Australian Marines to flex muscles | thetelegraph.com.au

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Australian Marines to flex muscles | thetelegraph.com.au

Clipped from: http://www.dailytelegraph.com.au/news/national/australian-marines-to-flex-muscles/story-e6freuzr-1226175648532

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We’re following suit … US Marines from the 31st Marine Expeditionary Force on exercises in Rockhampton / Pic: Gary Ramage Source: The Daily Telegraph

AUSTRALIA’S first batch of dedicated amphibious soldiers or "marines" will be ready to sail off to war when the navy’s new landing ship enters service early next year.

More than 1000 infantry troops from the Townsville-based 3rd Brigade are being trained in amphibious operations and up to 350 will be at sea permanently from 2014 when two massive 27,000 tonne landing helicopter dock ships (LHDs) are due to enter service as part of a new era of "power projection".

The former Royal Navy 16,000 tonne Bay Class landing ship Largs Bay, purchased by Australia for $100 million to become HMAS Choules, is the first of the three new vessels to arrive and will be ready for low-level amphibious operations next year.

"When one of these ships leaves Townsville she will have soldiers on board rigged and ready to go," Defence’s head of modernisation and plans, Major-General John Caligari, said yesterday.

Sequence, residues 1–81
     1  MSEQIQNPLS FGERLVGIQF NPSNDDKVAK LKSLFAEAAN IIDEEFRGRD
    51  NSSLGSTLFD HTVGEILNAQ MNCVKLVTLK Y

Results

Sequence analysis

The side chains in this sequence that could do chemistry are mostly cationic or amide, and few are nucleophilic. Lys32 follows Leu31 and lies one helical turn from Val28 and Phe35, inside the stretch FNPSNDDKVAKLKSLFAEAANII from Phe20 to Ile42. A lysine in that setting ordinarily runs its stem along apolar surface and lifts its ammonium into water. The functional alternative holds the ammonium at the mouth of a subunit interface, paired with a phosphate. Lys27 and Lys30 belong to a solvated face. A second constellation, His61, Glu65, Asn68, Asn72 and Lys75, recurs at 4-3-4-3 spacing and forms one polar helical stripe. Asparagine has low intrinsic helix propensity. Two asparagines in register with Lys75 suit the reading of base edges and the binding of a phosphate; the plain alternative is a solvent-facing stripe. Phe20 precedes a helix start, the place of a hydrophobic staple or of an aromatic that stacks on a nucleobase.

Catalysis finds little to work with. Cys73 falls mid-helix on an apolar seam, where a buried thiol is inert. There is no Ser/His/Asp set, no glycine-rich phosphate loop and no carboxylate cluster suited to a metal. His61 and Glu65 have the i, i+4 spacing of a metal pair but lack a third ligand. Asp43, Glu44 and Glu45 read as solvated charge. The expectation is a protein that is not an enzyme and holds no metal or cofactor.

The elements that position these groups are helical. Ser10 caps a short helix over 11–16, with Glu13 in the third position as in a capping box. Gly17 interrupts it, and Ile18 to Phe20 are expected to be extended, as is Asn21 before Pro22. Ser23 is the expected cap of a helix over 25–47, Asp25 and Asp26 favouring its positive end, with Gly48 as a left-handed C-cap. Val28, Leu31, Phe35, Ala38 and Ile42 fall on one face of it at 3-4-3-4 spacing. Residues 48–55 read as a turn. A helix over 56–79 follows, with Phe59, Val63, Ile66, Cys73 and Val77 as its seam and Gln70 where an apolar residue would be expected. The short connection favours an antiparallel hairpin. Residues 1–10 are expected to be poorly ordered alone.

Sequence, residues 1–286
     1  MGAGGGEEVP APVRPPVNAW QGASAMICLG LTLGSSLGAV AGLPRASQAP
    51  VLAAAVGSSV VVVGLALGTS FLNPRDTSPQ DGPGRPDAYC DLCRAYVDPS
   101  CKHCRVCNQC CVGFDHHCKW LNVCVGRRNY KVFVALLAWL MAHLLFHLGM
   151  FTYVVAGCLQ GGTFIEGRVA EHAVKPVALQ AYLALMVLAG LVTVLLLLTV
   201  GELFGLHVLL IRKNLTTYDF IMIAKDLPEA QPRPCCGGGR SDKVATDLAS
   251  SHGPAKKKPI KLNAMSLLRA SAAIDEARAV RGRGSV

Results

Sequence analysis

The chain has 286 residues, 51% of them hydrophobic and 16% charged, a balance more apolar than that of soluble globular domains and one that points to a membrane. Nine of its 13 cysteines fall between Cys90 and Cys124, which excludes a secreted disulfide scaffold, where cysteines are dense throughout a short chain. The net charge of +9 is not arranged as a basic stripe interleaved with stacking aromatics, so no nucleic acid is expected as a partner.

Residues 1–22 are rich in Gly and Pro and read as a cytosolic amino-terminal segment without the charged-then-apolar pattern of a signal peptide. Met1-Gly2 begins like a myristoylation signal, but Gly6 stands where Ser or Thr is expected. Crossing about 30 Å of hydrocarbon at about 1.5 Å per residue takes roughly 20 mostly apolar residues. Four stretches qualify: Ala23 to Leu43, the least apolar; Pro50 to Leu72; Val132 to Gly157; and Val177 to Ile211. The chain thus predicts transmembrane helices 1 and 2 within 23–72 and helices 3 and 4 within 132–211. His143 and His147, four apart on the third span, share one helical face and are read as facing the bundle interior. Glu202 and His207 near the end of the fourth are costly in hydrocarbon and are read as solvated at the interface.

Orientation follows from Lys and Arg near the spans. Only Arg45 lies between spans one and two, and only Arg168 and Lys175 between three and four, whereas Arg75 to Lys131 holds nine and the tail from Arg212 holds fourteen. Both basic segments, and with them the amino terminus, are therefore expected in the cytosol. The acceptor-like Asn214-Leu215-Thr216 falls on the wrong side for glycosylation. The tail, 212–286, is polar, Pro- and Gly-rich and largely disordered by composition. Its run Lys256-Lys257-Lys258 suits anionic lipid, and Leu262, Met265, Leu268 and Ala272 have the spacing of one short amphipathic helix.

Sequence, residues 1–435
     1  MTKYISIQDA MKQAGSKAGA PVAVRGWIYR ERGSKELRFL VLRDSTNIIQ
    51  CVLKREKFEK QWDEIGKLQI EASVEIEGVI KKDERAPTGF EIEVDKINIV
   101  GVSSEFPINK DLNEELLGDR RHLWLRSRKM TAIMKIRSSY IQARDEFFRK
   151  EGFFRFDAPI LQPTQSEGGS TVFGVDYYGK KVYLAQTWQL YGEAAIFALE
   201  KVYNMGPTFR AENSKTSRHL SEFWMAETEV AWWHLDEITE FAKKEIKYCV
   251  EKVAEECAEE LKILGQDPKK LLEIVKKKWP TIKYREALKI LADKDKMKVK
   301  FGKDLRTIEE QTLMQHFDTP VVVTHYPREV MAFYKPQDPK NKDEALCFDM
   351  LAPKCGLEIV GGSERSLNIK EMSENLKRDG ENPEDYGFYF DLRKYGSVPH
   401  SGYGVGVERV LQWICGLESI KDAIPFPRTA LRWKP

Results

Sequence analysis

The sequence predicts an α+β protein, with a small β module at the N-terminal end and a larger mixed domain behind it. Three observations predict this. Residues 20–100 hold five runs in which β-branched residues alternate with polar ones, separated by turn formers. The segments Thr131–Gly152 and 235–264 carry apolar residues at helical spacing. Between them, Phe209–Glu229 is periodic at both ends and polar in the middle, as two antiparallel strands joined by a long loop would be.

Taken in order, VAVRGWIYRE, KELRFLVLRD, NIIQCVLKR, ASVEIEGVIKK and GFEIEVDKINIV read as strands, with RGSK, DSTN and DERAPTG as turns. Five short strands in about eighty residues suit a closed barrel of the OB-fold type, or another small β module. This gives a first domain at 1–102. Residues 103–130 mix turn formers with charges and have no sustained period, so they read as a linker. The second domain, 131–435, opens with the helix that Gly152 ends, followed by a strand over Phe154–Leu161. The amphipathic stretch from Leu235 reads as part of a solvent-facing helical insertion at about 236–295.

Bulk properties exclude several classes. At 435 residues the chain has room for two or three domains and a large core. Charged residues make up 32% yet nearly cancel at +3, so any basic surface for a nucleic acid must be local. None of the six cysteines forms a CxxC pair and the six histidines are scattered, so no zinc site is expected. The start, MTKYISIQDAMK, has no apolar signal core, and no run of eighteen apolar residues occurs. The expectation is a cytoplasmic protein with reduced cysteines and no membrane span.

The amphibious force will provide the government with a capability the nation has never had before, allowing the Australian Defence Force (ADF) to take a lead role in East Timor-style missions or humanitarian relief operations from the Pacific to anywhere in Asia and the Indian Ocean region.

When combined with the RAAF’s five C-17 Globemaster transport jets, the ADF will be able to move a force 10 times bigger than today.

Chief of Army Lieutenant-General David Morrison will soon announce which of the 3rd Brigade’s three infantry battalions will become the army’s first full-time amphibious (marine) battalion.

The battalion will be broken into three combat teams of about 350 troops each.

One team will be at sea virtually full-time, one will be in lead-up training and the third will be resting.

This force will be known as an amphibious ready element (ARE). When a bigger force is required, the entire battalion will be embarked in what will be known as an amphibious ready group that will include more than 1000 troops supported by armoured vehicles and helicopters.

Tanks and artillery, possibly supported by destroyers and jet fighters, could also be deployed if necessary.

Both of the LHDs, being built in Spain and assembled in Melbourne, will be able to carry 1000 troops and all their "enablers", including engineers, helicopters and vehicles.

Major-General Caligari said the Aussie marines would undergo intensive training.